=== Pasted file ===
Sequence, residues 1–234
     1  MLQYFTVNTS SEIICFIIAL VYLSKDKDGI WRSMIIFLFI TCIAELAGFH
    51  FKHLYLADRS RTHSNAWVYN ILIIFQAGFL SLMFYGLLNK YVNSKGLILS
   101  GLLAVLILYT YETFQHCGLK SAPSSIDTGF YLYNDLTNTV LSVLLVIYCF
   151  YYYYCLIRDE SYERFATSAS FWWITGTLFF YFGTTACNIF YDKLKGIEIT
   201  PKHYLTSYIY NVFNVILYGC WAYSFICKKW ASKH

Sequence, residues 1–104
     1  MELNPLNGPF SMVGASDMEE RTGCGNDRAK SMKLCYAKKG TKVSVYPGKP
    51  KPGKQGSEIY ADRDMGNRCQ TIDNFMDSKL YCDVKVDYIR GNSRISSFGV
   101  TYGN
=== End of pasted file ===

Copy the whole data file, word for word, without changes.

Sequence, residues 1–234
     1  MLQYFTVNTS SEIICFIIAL VYLSKDKDGI WRSMIIFLFI TCIAELAGFH
    51  FKHLYLADRS RTHSNAWVYN ILIIFQAGFL SLMFYGLLNK YVNSKGLILS
   101  GLLAVLILYT YETFQHCGLK SAPSSIDTGF YLYNDLTNTV LSVLLVIYCF
   151  YYYYCLIRDE SYERFATSAS FWWITGTLFF YFGTTACNIF YDKLKGIEIT
   201  PKHYLTSYIY NVFNVILYGC WAYSFICKKW ASKH

Sequence, residues 1–104
     1  MELNPLNGPF SMVGASDMEE RTGCGNDRAK SMKLCYAKKG TKVSVYPGKP
    51  KPGKQGSEIY ADRDMGNRCQ TIDNFMDSKL YCDVKVDYIR GNSRISSFGV
   101  TYGN